After reduction and alkylation, triplicate dilution series of a certified reference preparation of Tg (BCR-457; Sigma) were digested for 2 h at 37°C using 0.5 μg sequencing grade modified trypsin in 0.1% Rapigest (Waters Corp.). Peptides were then lyophilized and reconstituted in 5% acetonitrile, 0.1% formic acid in water. Suspended peptides were mixed with an equal volume of isotope-labeled peptide (15 nmol/L) and analyzed with LC-MS/MS. To determine the concentration of BCR-457, data from three independent experiments were fit using the relation y=Axn, which was used to calculate the dilution necessary to achieve a response of 1.0 (i.e. solving for the dilution (x) where the response (y) equals 1.0).

Antiserum preparation

Based on the MS/MS analysis of tryptic digests of Tg (see Results), we selected 3 peptides for antiserum production (VIFDANAPVAVR, Peptide 1; LGDQEFIK, Peptide 2; and FPLGESFLVAK, Peptide 3; EZBiolab, Westfield, IN). Peptides (2mg) were each conjugated to 10 mg keyhole limpet hemocyanin (KLH; Calbiochem) using the glutaraldehyde method. Peptide 1 was also conjugated to KLH using N-(3-dimethylaminopropyl)-N′-ethylcarbodiimide hydrochloride (EDAC; Sigma), according to the manufacturer’s instructions. The efficiency of conjugation was >65% for each reaction as assessed by MS/MS quantification of peptide that passed through a 10 kDa MWCO Microcon filter (Milipore). The peptide-KLH conjugates were combined and used to immunize two New Zealand white rabbits (Standard protocol; Pacific Immunology, Ramona, CA).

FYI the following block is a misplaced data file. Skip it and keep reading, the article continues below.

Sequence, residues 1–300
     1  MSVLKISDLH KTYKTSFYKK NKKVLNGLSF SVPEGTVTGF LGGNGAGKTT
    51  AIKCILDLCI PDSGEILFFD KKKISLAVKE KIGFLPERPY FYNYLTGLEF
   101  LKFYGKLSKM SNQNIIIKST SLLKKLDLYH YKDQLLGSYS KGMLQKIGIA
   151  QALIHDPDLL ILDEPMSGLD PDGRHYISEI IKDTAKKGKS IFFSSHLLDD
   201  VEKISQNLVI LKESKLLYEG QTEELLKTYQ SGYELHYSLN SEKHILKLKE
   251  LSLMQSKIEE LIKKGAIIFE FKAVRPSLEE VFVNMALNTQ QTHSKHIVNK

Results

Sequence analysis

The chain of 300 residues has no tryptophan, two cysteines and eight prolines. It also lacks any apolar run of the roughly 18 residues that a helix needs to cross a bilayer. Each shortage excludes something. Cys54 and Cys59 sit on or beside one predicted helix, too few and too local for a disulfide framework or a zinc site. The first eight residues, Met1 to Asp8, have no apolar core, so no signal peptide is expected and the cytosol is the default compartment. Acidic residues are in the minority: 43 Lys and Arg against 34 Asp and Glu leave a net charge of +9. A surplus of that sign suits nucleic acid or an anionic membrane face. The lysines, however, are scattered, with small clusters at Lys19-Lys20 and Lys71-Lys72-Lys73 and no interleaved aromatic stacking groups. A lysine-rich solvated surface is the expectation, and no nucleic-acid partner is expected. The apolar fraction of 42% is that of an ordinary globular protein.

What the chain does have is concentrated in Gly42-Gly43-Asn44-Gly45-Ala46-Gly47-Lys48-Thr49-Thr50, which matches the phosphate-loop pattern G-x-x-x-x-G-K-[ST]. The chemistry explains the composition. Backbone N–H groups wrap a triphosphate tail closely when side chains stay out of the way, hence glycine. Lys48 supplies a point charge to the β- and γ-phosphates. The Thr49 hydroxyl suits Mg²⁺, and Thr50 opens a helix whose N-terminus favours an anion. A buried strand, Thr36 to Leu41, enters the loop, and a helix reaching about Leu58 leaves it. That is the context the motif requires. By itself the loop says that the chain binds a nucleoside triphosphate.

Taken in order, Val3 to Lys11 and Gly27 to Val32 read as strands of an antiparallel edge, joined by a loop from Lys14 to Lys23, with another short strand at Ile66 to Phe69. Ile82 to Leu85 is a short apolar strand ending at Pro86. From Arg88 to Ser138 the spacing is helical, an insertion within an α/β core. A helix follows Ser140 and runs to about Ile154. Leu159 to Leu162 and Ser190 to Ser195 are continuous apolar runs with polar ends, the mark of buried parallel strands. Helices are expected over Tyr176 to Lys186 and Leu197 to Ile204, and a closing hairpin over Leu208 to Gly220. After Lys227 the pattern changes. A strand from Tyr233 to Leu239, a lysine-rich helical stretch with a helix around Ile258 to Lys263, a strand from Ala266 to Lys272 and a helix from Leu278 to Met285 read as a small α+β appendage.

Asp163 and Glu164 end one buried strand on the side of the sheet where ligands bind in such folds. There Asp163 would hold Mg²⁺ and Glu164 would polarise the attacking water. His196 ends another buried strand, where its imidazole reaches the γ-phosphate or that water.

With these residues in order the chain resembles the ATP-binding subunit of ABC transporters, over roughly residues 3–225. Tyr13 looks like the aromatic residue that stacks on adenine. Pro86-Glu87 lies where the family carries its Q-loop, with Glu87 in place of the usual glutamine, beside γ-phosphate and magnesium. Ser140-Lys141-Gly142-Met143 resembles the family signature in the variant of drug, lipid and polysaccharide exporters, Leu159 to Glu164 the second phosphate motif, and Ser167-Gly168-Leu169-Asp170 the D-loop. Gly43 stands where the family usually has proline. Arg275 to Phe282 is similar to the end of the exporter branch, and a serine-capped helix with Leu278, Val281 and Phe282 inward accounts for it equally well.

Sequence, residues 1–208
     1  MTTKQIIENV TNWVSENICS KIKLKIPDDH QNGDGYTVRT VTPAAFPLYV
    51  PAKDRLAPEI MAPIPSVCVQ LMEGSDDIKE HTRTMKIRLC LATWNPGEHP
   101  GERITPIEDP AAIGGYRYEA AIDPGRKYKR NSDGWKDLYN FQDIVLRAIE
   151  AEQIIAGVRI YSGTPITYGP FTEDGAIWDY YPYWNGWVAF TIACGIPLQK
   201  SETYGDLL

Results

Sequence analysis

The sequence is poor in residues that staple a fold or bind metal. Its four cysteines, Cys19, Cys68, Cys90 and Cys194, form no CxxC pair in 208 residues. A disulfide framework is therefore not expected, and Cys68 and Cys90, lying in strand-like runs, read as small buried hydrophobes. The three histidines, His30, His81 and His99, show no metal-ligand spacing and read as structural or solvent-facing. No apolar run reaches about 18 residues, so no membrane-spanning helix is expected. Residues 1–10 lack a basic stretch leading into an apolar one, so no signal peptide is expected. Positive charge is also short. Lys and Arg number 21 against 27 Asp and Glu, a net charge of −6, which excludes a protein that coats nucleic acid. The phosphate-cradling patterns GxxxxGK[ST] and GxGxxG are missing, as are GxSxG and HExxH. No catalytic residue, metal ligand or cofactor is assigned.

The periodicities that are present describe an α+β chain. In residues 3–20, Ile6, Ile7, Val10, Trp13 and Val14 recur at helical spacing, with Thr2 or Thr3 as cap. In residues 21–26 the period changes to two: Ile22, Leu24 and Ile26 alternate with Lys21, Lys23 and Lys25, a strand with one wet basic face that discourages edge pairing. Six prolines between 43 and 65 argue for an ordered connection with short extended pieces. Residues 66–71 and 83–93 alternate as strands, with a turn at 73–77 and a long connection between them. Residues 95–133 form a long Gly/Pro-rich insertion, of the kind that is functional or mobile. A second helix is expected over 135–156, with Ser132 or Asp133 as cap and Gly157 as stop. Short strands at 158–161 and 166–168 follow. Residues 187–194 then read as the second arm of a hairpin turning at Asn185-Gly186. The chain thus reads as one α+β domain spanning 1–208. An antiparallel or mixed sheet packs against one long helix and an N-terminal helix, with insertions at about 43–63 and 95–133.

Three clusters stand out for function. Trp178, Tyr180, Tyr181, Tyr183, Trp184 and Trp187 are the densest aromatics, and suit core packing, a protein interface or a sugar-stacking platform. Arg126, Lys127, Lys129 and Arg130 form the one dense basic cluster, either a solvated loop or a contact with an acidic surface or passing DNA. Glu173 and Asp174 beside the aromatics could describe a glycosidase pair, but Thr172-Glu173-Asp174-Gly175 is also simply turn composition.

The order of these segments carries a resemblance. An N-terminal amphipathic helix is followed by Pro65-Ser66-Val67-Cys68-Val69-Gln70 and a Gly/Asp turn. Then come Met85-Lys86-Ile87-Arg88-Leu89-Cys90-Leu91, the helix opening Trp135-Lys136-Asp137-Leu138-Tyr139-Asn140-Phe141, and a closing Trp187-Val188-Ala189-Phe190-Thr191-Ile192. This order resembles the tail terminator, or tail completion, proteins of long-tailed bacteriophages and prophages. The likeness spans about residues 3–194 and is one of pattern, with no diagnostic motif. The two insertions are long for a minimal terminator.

Peptide-conjugate beads, affinity purification of antibody, and anti-peptide paramagnetic beads

We conjugated the peptides to bovine serum albumin (BSA) using the same procedures as for KLH. Peptide-BSA conjugates were then covalently bound to CNBr-activated Sepharose 4B (0.32 g; GE Lifesciences) according to the manufacturer’s instructions. Analysis of the protein concentration of the supernatant confirmed >63% conjugate binding to the beads (Coomassie Plus; Pierce). Peptide-BSA Sepharose conjugate was incubated with 10 mL rabbit serum (16 h, 4°C). The beads were washed with PBS and the antibodies eluted in 870 μL fractions with 200 mmol/L glycine, pH 2.80, into tubes containing 27 μL 3 mol/L Tris, pH 8.6, and 100 μL 3 mol/L KCl. Peak fractions were pooled. The yield was 2–6 mg per 10 mL rabbit serum. The affinity-purified antibody was covalently bound to tosyl-activated Dynal M-280 beads (Invitrogen) according to the manufacturer’s instructions. Reactions resulted in 2.3 ± 0.12 (SD) pmol binding sites/μL paramagnetic beads (2 × 109 beads/μL).

Affinity purification of thyroglobulin peptides

Serum (100 μL) was diluted with 400 μL 100 mmol/L NH4HCO3, 0.005% Tween 20, and reduced with 5 mmol/L DTT (60 min, 37°C, with rotation). Samples were alkylated in the dark with 15 mmol/L iodoacetamide (15–120 min) and digested in two steps: first with 4.5 μg trypsin (4 h, 37°C, with rotation); and second with 4.5 μg trypsin (16 h, 37°C, with rotation). We added 20 μL of beads (46 pmol of peptide binding sites) and 10 μL of internal standard peptide (15 nmol/L), followed by incubation for 16 h at 4°C. The beads were then washed twice with 500 μL 100 mmol/L ammonium acetate and twice with 500 μL water. Bound peptides were eluted with 15 μL 2% acetic acid (1–2 h, room temperature, with rotation). Human serum calibrators with known Tg concentrations were processed in parallel with clinical specimens (0, 2, 5, 20 μg/L).

Liquid chromatography-tandem mass spectrometry